My research examines the roles of basic cognitive and motivational processes—especially attention, working memory, executive functions, and self-control—in various complex psychological phenomena that are important in our everyday lives. My current research focuses on laboratory and classroom studies of student learning. Specific research projects that I am currently undertaking include: (a) Laboratory and classroom studies of the effects of mind-wandering in the learning and retention of math and science lectures; (b) Laboratory and classroom studies of self-regulatory behaviors (e.g., procrastination); (c) Individual differences and experimental analyses of self-control processes; and (d) Individual differences analyses of mind-wandering and repetitive negative thinking (e.g., worry, rumination)
cognitive psychology, executive functions and working memory, learning and memory in educational settings, individual differences in cognitive and social processes, self-regulation of attention, self-regulation of thought, self-regulation of behavior, mind-wandering, repetitive negative thinking (e.g., worry, rumination), procrastination
PSYC 2145 - Introductory Cognitive Psychology
Spring 2019 / Fall 2019 / Fall 2020 / Fall 2021 / Fall 2022
Introduces the study of human cognitive processes and covers perception, attention, memory, language, problem solving, reasoning, and decision making. Focuses on basic research and theory in cognitive psychology but also considers their implications for everyday applications such as effective learning and retention, multitasking, and eyewitness testimony.
PSYC 4011 - Senior Thesis
Spring 2018 / Spring 2019 / Fall 2019 / Spring 2021
Critically reviews some aspect of psychological literature, scholarly analysis of a major psychological issue, and/or empirical research project. See the psychology honors director for further information.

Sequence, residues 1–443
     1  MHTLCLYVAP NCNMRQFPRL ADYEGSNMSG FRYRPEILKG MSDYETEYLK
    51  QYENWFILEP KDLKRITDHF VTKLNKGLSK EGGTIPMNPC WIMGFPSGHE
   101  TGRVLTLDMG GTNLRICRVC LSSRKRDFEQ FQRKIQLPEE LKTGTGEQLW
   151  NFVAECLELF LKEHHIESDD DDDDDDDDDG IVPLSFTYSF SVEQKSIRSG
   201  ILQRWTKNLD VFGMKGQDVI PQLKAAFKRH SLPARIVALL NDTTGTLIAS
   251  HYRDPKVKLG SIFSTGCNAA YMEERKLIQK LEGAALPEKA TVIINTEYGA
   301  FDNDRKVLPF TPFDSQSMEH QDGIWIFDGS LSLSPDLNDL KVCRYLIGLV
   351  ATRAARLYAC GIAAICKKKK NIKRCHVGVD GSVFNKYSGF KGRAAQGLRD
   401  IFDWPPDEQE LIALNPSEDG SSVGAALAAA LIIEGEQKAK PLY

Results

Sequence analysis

PSYC 5685 - Research Methods Proseminar
Main topic is research methods in cognitive psychology, with an emphasis on experimental methods. Skills and knowledge will be gained that are necessary to A) critically evaluate existing research and B) design, conduct, analyze and write up experimental studies. Required for graduate students in Cognitive Psychology. Graduate students in all programs are welcome with instructor consent and advanced undergraduates are welcome with instructor consent. May be repeated up to 4 total credit hours.
PSYC 5825 - Executive Function Proseminar
Provides beginning Ph.D. students with an introduction to the study of executive functions. Required proseminar for students in the Cognitive Psychology Ph.D. program. Includes consideration of working memory, inhibition, multi-tasking, monitoring, selection, lifespan changes and social/clinical applications at the cognitive, neural and computational levels. Graduate students in all programs are welcome with instructor consent and advanced undergraduates are welcome with instructor consent.
PSYC 7215 - Seminar: Experimental Psychology
Advanced seminar dealing with different specialized topics, at the discretion of the instructor, in different years. Topics chosen are within the broad range of experimental psychology. May be repeated up to 9 total credit hours. Instructor consent required.